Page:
Six DC step-down module mounting sites 135 are also included on the front face of power supply backplane 104 each of which includes 380 volts DC output blades 117, a control interface 118, and point-of-load DC output blades 120. Control interface 118 provides a transmission medium across which power supply control signals are delivered between DC step-down module 106 and power supply backplane 104. The electromechanical interface for applying the 380 volts DC supplied by input conversion module 102 is provided within DC step-down module mounting sites 135 by 380 volts DC output blades 117. DC input blades 116 serve as the electrical contact over which low voltage point-of-load DC power is delivered into power supply backplane 104 from the output of DC step-down module 102. In a preferred embodiment of the present invention, and as further illustrated in FIG. 2, point-of-load DC input blades 120 include multiple electrical contacts wherein each contact is connected within power supply backplane 104 to point-of-load supply lines of various voltage levels.
As explained in further detail with reference to FIG. 2, DC step-down module 106 includes DC/DC conversion means for converting the high-voltage signal received from 380 volts DC output blades into low voltage point-of-load voltage levels. In an important feature of the present invention, DC step-down module 106 is a physically discrete unit that is readily installable into any of the multiple DC step-down module mounting sites 135 within power supply backplane 104.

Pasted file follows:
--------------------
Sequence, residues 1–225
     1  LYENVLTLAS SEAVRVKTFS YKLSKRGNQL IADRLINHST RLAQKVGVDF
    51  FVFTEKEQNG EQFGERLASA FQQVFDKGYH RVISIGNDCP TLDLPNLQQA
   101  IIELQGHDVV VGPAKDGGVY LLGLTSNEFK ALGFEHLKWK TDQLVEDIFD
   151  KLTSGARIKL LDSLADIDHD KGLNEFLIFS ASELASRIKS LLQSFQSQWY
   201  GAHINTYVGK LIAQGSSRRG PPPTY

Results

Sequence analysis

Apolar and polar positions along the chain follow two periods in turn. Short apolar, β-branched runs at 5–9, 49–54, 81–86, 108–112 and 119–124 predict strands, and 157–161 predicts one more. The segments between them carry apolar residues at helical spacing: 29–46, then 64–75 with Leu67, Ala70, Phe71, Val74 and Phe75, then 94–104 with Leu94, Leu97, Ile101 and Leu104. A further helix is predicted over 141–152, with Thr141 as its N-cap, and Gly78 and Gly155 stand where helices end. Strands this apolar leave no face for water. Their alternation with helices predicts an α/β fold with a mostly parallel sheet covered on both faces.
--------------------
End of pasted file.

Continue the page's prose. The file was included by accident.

The rear view of DC step-down module 106 reveals its backplane plug-in interface. Included within the backplane plug-in interface of DC step-down module 102 is a control interface 112, 380 volts DC input blades 122, and point-of-load DC output blades 126. Control interface 112 provides the electrical medium across which power supply control signals are passed between control interface 118 and DC step-down module 106. 380 volts DC input blades 122 comprise electromechanical connection means for engaging corresponding 380 volts DC output blades 117 when DC step-down module 106 is plugged into one of DC step-down module mounting sites 135. Point-of-load DC output blades 126 engage point-of-load DC input blades 120 and thus permit point-of-load voltages generated within DC step-down module 106 to be delivered to application circuits from power supply backplane 104.
Overall power supply demands, in terms of total current drawn from power supply backplane 104, are flexibly addressed by the universal installability of input conversion modules such as input conversion module 102 into one or more of input conversion module mounting sites 133.